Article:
Profitable, who enjoyed his finest hour when winning the King's Stand Stakes at Royal Ascot in 2016, has been retired to stand at Darley's Kildangan Stud.
Trained by Clive Cox, Profitable developed through the handicap ranks to take high order among the sprinting division, winning the Group 3 Palace House Stakes and Group 2 Temple Stakes, as well as the King's Stand, during a stellar 2016 campaign.
Those exploits prompted Godolphin to purchase the son of Invincible Spirit from Alan Spence, but while he was unable to add to his tally in 2017 he ran a number of creditable races, including finishing runner-up to Lady Aurelia when attempting to retain his King's Stand crown.
He signed off on the racecourse by finishing third in the Prix de l'Abbaye on Arc day.
Cox said: “Profitable has a wonderful temperament and has been an absolute delight to train. He's been a top-class five-furlong horse throughout, performing at the highest level and he saved his best performances for Royal Ascot."
Profitable's stud fee has been set at €12,000.
Melbourne Cup taking shape
Last year's Melbourne Cup winner and current 7-1 ante-post favourite Almandin was among 55 horses to stand their ground for the historic 2m handicap at the first acceptance stage.
A total of 14 European contenders remain in contention, including three trained by Willie Mullins, who could be represented by 2015 runner-up Max Dynamite, Wicklow Brave and Thomas Hobson.
The leading European raider according to the market is the Andreas Wohler-trained Red Cardinal, who is a top price of 16-1.
This year's Melbourne Cup will be run on Tuesday, November 7 at Flemington.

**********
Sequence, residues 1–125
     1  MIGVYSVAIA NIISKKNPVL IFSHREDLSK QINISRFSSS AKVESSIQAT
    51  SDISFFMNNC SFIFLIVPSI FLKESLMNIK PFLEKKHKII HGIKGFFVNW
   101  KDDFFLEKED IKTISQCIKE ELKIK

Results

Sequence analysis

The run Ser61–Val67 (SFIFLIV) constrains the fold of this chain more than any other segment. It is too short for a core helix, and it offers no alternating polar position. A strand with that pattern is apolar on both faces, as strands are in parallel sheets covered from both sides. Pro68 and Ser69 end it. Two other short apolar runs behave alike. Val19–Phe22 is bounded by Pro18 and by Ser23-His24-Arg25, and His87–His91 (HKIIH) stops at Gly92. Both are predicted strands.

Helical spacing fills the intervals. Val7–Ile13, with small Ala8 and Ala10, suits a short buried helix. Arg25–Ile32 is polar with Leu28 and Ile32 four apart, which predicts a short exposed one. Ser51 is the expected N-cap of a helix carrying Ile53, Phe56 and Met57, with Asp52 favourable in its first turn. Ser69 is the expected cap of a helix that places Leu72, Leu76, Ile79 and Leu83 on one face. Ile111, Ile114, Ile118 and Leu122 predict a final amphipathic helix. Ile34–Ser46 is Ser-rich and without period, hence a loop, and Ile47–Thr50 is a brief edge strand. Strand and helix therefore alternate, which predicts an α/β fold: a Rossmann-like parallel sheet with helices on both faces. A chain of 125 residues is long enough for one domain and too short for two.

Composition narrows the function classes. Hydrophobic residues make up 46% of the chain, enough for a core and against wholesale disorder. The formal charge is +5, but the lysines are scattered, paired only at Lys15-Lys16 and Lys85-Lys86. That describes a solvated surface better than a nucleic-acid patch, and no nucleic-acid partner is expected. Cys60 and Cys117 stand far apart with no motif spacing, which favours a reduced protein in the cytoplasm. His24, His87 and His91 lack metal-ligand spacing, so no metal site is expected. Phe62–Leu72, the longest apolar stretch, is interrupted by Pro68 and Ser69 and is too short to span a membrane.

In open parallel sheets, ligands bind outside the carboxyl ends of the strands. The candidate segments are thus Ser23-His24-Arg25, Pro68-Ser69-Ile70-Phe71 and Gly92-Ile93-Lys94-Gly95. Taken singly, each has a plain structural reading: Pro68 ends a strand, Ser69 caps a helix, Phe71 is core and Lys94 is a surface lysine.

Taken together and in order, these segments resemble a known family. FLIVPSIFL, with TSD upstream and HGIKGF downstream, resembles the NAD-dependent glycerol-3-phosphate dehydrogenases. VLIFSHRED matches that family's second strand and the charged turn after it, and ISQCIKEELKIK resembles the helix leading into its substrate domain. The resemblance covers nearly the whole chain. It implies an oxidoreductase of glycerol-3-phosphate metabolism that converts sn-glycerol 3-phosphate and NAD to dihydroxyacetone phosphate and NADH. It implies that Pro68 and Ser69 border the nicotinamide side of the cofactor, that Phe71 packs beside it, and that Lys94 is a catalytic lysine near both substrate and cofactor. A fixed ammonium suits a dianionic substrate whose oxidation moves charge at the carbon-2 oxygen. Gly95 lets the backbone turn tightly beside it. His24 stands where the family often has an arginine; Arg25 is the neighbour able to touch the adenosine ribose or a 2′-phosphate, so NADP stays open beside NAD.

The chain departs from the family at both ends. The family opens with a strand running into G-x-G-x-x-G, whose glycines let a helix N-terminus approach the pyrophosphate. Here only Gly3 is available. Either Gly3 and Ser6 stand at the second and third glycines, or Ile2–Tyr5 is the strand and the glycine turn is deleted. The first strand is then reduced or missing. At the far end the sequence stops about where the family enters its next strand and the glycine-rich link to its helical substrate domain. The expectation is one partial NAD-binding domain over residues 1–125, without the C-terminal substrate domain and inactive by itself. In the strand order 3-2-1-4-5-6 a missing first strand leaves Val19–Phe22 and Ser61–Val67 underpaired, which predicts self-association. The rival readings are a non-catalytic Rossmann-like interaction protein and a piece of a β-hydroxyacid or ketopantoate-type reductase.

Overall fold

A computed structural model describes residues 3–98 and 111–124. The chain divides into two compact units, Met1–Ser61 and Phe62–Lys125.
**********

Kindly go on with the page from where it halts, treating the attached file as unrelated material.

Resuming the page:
Mullins has also sent Riven Light to Australia and he will have his first run in Saturday's Caulfield Stakes. He could go on to clash with Winx in the Cox Plate – but the Mullins camp are not confident of beating the wondermare.
"We don't expect to beat Winx, but if he runs well enough on Saturday he might be able to go there and run a good race and get some nice prize-money," assistant trainer David Casey told AAP Racing.
"You're hoping after last Saturday [when Winx made it 21 wins in a row] people won't turn up and there'll be some extra prize-money."
Regarding Riven Light's chances in the Caulfield Stakes, Casey said: "He's very fit and hopefully he'll run well and do himself justice. He's a relaxed horse and takes it all in his stride."
Hearing lays no blame for Ana O’Brien Killarney incident
The Turf Club referrals committee has ruled there was insufficient evidence to convict anyone of a riding offence in the Killarney race in which Ana O'Brien suffered horrific injuries on July 18.
O'Brien was riding Druids Cross, trained by her brother Joseph, in a mile rated race when her mount took a crashing fall after coming into contact with another horse under two furlongs from the finish. Druids Cross suffered fatal injuries and O'Brien has not ridden since.